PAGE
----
As part of the initial enrollment, the buyer must satisfy all applicable legal and Medicare participation requirements, including a full and unannounced survey of a “fully operational” facility. To be considered fully operational, the facility must be providing services to a sufficient number of patients or residents so that compliance with all requirements can be determined. Since the survey must be unannounced and unexpected, a provider must be providing services to patients during the entire Gap Period and cannot begin serving patients shortly before the survey.
The Policy Memo specifies that any survey that occurs within 14 days of the closing of a transaction indicates collaboration with the buyer and “warrants closer review” of whether the survey was unannounced. Further, the Policy Memo goes on to outline CMS’ position on numerous additional parameters related to initial surveys, all of which have the likely effect of lengthening the Gap Period. These include the following:
the survey cannot be performed until the Medicare administrative contractor has issued a recommendation for approval of the buyer’s enrollment application;
CMS may refuse to accept a survey if the timing creates reasonable doubt that the survey was unannounced;
SAs who perform initial surveys must demonstrate that they can complete all of their higher priority work; and
- initial surveys are to be conducted in addition to, not instead of, the higher priority work.
Lastly, the effective date of the new Provider Agreement is the date when the last applicable federal requirement has been met, including a finding of substantial compliance on the survey. Importantly, federal requirements include more than just passing the survey; for example, a rehabilitation hospital must also satisfy requirements for Office for Civil Rights compliance documentation and required attestation to the SA.
Practice Pointers: The Buyer’s Dilemma
Buyers in health care transactions have always had to weigh the risk of assuming their sellers’ liabilities by accepting Automatic Assignment of a provider agreement against the potential loss of income during the Gap Period caused by rejecting the provider agreement. Now, however, CMS has upped the ante for buyers considering rejection.
Over the last several years, many purchasers have been able to obtain new provider agreements very quickly, sometimes in as little as seven days. CMS’ new bright line rule of no less than 14 days for post-transaction surveys is likely to extend this time substantially, especially since the survey must be considered lowest priority for SAs and cannot even be undertaken until the Medicare administrative contractor has issued a recommendation for approval of the buyer to participate in Medicare.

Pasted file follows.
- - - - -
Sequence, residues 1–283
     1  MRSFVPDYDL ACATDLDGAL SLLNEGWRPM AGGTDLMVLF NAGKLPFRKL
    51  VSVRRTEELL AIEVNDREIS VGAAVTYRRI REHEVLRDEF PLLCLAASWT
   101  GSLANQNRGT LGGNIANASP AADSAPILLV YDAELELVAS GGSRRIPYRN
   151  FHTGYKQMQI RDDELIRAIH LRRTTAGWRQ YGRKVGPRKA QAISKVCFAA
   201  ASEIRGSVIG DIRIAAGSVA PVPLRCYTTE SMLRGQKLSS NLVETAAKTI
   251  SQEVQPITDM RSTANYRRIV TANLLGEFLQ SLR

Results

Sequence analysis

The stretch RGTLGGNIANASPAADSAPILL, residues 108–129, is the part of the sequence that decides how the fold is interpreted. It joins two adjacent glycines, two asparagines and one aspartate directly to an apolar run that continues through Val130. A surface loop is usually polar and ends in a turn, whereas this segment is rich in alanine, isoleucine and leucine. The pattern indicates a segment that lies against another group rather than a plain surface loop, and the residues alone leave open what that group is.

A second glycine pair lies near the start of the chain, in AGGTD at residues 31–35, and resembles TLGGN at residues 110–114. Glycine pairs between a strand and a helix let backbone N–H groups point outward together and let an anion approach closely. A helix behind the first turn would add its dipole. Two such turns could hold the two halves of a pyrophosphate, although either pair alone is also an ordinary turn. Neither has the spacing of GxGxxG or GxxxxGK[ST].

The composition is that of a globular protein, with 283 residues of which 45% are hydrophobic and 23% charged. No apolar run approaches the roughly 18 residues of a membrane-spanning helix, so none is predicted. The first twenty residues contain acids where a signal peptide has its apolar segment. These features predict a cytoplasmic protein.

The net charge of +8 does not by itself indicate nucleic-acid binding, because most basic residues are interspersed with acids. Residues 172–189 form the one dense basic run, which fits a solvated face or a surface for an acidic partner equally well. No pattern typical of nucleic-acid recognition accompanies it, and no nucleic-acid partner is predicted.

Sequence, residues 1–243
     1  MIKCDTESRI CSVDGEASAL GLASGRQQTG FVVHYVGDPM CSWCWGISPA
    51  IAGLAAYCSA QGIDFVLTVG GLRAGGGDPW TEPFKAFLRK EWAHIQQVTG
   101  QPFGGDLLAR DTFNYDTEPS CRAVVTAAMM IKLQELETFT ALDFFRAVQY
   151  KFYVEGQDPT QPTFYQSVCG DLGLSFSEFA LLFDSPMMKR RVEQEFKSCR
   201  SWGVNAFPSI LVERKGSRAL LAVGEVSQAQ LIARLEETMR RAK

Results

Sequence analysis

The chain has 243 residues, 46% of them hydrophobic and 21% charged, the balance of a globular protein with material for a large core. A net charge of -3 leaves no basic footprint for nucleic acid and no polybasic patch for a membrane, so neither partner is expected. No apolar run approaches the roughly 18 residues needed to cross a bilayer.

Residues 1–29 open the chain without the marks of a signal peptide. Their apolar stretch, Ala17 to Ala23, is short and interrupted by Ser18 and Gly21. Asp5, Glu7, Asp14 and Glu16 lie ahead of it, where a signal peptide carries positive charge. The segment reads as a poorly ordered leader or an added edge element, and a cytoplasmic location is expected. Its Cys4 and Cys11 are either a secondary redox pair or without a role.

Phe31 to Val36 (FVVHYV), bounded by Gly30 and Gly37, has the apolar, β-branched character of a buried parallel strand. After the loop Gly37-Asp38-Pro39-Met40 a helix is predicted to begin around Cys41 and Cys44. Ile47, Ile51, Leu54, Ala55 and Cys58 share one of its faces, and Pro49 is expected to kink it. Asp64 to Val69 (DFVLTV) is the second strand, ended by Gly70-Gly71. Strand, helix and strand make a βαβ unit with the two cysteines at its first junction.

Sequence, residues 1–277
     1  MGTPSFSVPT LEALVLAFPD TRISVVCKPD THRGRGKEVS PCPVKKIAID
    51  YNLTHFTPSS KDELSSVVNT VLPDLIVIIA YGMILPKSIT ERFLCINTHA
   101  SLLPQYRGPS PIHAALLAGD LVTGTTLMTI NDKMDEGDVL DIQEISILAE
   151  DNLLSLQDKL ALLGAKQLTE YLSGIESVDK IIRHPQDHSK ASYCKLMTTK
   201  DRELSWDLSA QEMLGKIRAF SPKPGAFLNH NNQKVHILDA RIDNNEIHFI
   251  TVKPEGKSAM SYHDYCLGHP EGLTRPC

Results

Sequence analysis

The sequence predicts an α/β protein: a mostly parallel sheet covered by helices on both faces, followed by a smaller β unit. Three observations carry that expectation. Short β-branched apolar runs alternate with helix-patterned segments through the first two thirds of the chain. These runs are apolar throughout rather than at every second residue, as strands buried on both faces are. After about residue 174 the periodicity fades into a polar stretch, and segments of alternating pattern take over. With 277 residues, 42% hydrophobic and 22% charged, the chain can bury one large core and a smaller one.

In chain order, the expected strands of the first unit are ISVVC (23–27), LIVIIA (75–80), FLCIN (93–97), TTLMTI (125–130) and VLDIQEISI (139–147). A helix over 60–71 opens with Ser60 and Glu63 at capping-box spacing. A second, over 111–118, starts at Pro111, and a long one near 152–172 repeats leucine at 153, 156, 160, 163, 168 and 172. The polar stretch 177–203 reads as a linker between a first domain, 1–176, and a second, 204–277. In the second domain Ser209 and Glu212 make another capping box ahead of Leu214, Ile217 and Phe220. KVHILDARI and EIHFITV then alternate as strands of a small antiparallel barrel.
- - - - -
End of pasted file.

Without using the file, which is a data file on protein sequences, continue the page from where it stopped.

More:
Violations of the 14-day bright line test will not result in an automatic rejection of the survey. However, buyers who short circuit this minimum timeline do so at their own risk, as their survey then becomes subject to close scrutiny. Even if the survey ultimately survives scrutiny, the additional review is likely to lengthen the survey time. Buyers are cautioned to closely observe CMS’ rule.
Taking into consideration that CMS’ purpose in publishing the Policy Memo is to encourage buyers to take Automatic Assignment, buyers considering Automatic Assignment should undertake careful and thorough diligence to ensure they adequately handicap the risk of assuming liabilities of their seller under the provider agreement. Further, as always, any buyer considering Automatic Assignment should also consider negotiating strong indemnity language and escrow protections with the seller.
Finally, if the buyer chooses to reject the provider agreement, the buyer will need to have enough capital on hand (or readily available) to fund operations at the new facility for an unknown period of time, which now is likely longer than it has been historically. The buyer should also understand that it will have to keep the facility “fully operational” and serving a sufficient number of patients during the Gap Period, despite going unpaid for service to Medicare patients.
 The Policy Memo is issued as S&C: 13-60-ALL and can be found online at: http://www.cms.gov/Medicare/Provider-Enrollment-and-Certification/SurveyCertificationGenInfo/Downloads/Survey-and-Cert-Letter-13-60.pdf
 The concepts in this article are not intended as legal advice, and the reader is encouraged to consult counsel regarding the specific facts of any proposed legal undertaking.
- Accounts Receivable Financing
- ACO's and Integrated Delivery Systems
- Audits, Investigations and Fraud Including RAC's
- Clinical Research and Institutional Review Board Operations
- Compensation Arrangements
- Enforcement of Physician Agreements
- Federal and State Income Tax Compliance for the Health Care Industry
- Health Care Financing
- Health Care Mergers, Acquisitions and Joint Ventures
- Health Law
- Hospital and Health Care Finance
- Insurance and Self-Insurance Plans
- Litigating False Claims Act Cases and Other Civil Matters Involving Assertions of Hospital or Physician Misconduct
- Long Term Care Facilities
- Medical Staff Disputes
- Medicare & Medicaid Reimbursement
- Physician Agreements
- Real Estate Development for Health Care Facilities
- Stark Law, Anti-Kickback Law, and Other Federal and State Laws Regarding Referrals